The move by the threatened University College London Hospital (UCLH) heralds the first hospital price war as the bite of NHS changes is felt.
Managers at UCLH - whose major hospitals are the Middlesex and University College Hospital in central London - have sent out prices for 1994-95 two months earlier than required, to the local health authorities which the hospitals have traditionally served.
On average they are 10 per cent lower than the current year and in some cases 40 per cent lower, Peter Burroughs, UCLH's director of finance, said last night. One group of gynaecological operations, for example, priced in the current year at pounds 993, is being offered at pounds 600.
The crisis at UCLH began in July when Camden and Islington Health Authority announced that it would stop its patient contracts with UCLH next year because its prices were on average 10 per cent higher than other hospitals.
The picture was complicated in August when nurses went on strike and the health authority called a halt to most surgery at UCLH until April because the hospitals had already spent their annual budget.
The north London patients have accounted for about half of UCLH's work. The group had already lost patients from Haringey and Enfield. Without this patient base the hospitals could not survive, would no longer be viable as teaching units and would be unable to support the specialist services they offer to a wider population.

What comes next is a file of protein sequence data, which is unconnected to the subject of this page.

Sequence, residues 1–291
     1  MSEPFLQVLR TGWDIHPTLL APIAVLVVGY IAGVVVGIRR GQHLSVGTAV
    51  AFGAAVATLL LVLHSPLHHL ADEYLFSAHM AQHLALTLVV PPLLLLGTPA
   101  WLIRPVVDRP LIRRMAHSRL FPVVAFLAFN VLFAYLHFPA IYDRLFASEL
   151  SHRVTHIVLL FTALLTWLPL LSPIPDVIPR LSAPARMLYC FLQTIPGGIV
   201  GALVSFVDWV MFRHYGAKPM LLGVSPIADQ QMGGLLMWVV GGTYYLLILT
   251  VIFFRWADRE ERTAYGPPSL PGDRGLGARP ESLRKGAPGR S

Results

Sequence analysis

The group's accident and emergency department, one of the busiest in London, is also threatened.
Camden and Islington Health Authority now wants to send its patients to the Royal Free Hospital, Hampstead, and the Whittington Hospital, Highgate.
Mr Burroughs said yesterday that the UCLH had plans to achieve total savings of pounds 13m, turning around last year's deficit of pounds 12.9m. 'Clearly there are implications for staff and this does have an impact on manpower . . . we hope to minimise redundancies through natural wastage,' he said.
Evidence of the rise in people waiting more than a year for operations is disclosed today in figures issued by the Labour Party.
In August there were 70,224 people who had been waiting more than a year for treatment, an increase of 6.8 per cent over the year. The total number of people waiting for surgery rose to 1,031,328 compared to 939,846 in September 1992.
David Blunkett, Labour's health spokesman, called on Virginia Bottomley, Secretary of State for Health, to look at which hospital facilities are 'lying idle as a result of cancellations due to budgets running out' and to use them to tackle waiting lists.